D'Aulaires' Book of Trolls
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D'Aulaires' Book of Trolls

4.12 of 5 stars 4.12  ·  rating details  ·  181 ratings  ·  19 reviews
In this spectacular follow-up to their beloved Book of Norse Myths, the husband-and-wife team of Ingri and Edgar Parin d’Aulaire explore the uncanny reaches of Norse mythology, an enchanted night-world populated by trolls of all kinds—mountain trolls, forest trolls, trolls who live underwater and trolls who live under bridges, uncouth, unkempt, unbreakable, unforgettable,...more
Hardcover, 76 pages
Published October 17th 2006 by NYR Children's Collection (first published 1972)
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Anne
Having just watched Trollhunter, I thought this would be a great place to start my troll "research." Hee! After all, it seems to me that folklore is frequently distilled down to a pretty basic level (ok, so as an adult I'm inclined to call it stereotypical) for children to consume.

Which is just what I got in this book: all the delightful basics of mountain trolls, forest trolls, trolls with a dozen heads, not to mention the trolls with 500 heads. Heh. Nicely illustrated and filled in with a qui...more
Kerry
This was quite a dark book of troll tales, and one tale rolled right into another. I think it could be scary, but some of the illustrations were delightful, and all were interesting. They were done with a stone lithography technique, a early method of reproduction where every four-colour illustration use four slabs of Bavarian limestone that could weigh up to 200 pounds each. In the 1960s, this method was replaced with acetate sheets which closely replicated the briliant colours and the textures...more
K
Nov 03, 2009 K rated it 3 of 5 stars
Shelves: childrens
I learned some stuff about trolls. The more heads, the wilder and more fierce they are. They like having these heads scratched by princesses. There are troll variants (?) called hulder maidens that have tails. Don't be caught by these beautiful maidens' wiles and follow them into the hulder kingdom - instead, marry them in a church and their tails will fall off. Then they will help your fortunes by getting the gnomes to steal hay from the neighbors.

Since they depicted trolls instead of the Gree...more
Jessica
A well-written, wonderfully illustrated description of each of the types of Norwegian trolls. The descriptions flow together into one long story, ranging from large mountain trolls to the beautiful hulder-maidens. My kids really got into it, and it made a great read aloud.
Anjali Williams
This D'Aulaires' book is not a long collection of stories but rather a narrative description of the different types of trolls. I especially liked the concept of "troll-splinters," which distort trolls' vision of themselves and the world, and perhaps now, they suggest, explain "people everywhere today who see things askew. What is bad looks good to them and what is wrong looks right. They do not know that they have troll-splinters in their eyes and you cannot see them. But you can be very sure th...more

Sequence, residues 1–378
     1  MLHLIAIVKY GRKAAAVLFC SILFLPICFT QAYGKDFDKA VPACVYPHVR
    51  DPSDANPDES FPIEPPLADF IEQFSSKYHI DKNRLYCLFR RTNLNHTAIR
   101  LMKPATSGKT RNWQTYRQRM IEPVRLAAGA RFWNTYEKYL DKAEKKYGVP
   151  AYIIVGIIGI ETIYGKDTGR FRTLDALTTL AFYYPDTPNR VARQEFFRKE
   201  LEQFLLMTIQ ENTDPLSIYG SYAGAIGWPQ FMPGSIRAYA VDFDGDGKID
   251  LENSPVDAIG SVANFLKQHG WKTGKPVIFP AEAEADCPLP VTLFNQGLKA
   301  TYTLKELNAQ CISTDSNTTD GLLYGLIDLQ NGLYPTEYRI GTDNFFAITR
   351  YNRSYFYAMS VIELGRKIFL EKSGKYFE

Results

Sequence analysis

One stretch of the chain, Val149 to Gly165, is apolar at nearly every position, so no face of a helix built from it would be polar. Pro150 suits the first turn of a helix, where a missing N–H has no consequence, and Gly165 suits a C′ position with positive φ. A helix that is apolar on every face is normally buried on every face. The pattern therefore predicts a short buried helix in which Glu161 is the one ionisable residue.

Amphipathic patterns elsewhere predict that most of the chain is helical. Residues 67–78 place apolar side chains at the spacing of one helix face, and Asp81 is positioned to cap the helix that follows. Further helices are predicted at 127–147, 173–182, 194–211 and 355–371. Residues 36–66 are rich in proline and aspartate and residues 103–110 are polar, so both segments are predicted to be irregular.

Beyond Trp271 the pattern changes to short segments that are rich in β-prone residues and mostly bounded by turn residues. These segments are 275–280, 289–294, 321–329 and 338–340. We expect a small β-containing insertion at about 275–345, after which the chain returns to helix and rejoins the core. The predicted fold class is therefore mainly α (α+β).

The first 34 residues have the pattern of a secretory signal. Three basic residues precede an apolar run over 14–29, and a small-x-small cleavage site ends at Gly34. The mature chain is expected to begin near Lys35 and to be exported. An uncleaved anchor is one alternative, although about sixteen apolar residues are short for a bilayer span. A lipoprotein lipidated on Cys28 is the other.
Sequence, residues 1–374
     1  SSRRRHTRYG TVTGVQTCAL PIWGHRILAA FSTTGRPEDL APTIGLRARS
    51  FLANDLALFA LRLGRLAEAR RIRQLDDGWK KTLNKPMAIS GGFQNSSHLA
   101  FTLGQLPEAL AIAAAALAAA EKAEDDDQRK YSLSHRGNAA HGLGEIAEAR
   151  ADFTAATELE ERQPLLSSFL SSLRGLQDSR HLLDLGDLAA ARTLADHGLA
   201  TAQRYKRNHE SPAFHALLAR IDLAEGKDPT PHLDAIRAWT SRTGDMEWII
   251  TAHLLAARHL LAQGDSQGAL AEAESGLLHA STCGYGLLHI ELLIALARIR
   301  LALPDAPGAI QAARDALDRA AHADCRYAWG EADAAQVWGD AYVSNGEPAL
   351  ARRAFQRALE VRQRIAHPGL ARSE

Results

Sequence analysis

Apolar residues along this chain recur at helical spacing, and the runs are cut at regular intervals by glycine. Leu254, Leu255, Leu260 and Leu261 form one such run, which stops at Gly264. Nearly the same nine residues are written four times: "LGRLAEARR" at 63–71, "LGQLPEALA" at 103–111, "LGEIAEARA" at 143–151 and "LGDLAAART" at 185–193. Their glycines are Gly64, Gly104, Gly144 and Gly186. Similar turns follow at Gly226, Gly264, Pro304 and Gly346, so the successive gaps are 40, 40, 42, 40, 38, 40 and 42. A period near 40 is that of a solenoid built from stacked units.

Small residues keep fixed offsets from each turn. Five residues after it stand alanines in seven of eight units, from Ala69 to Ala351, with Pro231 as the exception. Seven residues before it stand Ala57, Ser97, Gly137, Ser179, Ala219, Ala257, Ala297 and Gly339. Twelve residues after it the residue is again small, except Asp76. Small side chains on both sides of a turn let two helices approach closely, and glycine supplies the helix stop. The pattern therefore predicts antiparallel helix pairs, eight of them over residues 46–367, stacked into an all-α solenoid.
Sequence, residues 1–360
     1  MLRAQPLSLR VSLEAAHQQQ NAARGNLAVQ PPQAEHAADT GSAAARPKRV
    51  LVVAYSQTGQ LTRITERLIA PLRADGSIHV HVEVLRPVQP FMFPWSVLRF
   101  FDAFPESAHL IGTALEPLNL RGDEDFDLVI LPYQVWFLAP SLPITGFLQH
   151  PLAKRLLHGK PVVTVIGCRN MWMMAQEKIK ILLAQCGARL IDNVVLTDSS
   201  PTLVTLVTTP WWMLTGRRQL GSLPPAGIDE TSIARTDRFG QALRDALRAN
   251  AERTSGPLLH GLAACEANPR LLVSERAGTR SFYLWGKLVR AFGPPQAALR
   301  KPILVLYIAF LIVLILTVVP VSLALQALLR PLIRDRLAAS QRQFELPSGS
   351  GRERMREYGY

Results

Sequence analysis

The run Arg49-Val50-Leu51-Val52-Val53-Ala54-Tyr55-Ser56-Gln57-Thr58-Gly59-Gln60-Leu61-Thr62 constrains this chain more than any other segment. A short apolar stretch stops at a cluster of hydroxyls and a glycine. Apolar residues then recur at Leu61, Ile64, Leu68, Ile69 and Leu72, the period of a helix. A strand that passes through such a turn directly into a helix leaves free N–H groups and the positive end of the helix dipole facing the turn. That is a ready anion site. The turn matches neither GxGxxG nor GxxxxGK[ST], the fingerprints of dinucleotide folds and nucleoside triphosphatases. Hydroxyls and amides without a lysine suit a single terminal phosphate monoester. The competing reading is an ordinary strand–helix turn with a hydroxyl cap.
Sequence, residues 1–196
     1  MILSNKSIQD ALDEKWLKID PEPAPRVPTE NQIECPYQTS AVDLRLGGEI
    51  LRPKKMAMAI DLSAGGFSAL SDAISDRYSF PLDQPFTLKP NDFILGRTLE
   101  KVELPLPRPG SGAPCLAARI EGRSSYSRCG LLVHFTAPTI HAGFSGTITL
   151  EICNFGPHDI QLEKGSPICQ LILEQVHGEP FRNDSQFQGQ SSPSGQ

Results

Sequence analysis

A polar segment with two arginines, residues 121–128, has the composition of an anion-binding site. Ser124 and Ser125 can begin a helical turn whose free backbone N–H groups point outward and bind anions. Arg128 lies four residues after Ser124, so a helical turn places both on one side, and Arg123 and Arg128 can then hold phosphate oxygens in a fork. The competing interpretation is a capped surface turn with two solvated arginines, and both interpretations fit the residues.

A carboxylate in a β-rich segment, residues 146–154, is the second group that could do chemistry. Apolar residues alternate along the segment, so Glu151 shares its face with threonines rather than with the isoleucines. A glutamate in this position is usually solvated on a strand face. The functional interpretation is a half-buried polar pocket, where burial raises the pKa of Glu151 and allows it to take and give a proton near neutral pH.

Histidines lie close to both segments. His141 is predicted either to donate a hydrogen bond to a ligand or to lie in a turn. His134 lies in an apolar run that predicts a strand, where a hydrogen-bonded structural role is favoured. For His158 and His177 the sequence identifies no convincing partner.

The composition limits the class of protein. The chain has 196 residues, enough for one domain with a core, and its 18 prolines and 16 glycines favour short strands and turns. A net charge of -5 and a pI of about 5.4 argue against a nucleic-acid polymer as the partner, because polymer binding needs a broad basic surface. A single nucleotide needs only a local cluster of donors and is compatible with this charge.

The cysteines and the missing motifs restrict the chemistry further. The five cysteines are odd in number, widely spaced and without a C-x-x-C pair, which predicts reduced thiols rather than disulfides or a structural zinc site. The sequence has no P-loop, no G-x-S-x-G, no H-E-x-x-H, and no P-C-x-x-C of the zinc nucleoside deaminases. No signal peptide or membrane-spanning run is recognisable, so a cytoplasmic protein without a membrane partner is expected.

Shirley
Good book, not as strong as Greek myth or Norse myth but still a great title for kids.
Tracy
I did not realize that this was a follow up to the Norse Myths. It is one of the books that I should have read years ago. I liked this, although it is a tiny bit dated. It seems that hulder-maiden get a soul if they marry a mortal man above ground and she lives with them. However if a guy goes to a hulder-maiden and lives with her until he dies, he loses his soul. But I think this would make a good read aloud for older kids, and a great puppet show.
Vida
There are a couple of movies coming out this month about Trolls so I wanted to be up to speed on my Trolldom. The edition I read is from 1972 which is not the one pictured above. Trolls are very complex, varied and dangerous. Beware! This is a charming book because of the illustrations and the stories with are interspersed with wit.
Dolly
Jul 17, 2011 Dolly rated it 3 of 5 stars  ·  review of another edition
Recommends it for: parents reading with their children
Shelves: 2011, childrens, norway
This is an interesting book of troll stories from Norway. We borrowed this from our local library as part of a kit with an audiocassette and a small paperback book. The book is rather plain, but we enjoyed listening to Tom Carlin narrate the story.
Amy
*favorite characters- trolls*
aahhh, the life of trolls. rough & tumble, hard & loud, stupid & natural. the troll hags are pretty cool too. did you know the more heads a troll has the wilder & fearsome it is ! just ponder this- some of these babies have 500 heads.
Dixie Diamond
This was one of our favorite books when we were kids. Apparently the Scandinavians are quite imaginative when it comes to the grotesque and bizarre (though not always frightening; most of the trolls here are quite humorous).
Matthew
This is a fantastic book. It has stuck in my memory since it was read to me by the elementary school librarian.
Lisa
Kids loved it. Well written. Excellent illustrations.
Not for sensitive children at all though.
Hilarie
Read this to the kiddies. They enjoyed it a great deal, especially the illustrations.
Joel
This is an interesting book about Norwegian trolls... think "Hall of the Mountain King"
☺Trish
I lucked out and picked up this book at a book sale. Love trolls . . .
Andrea Labonte
This book was the most amazing book about trolls that I have read.
Loki
Loki loved this one. He's really into mythology!
Juli
Cute book, fun illustrations.
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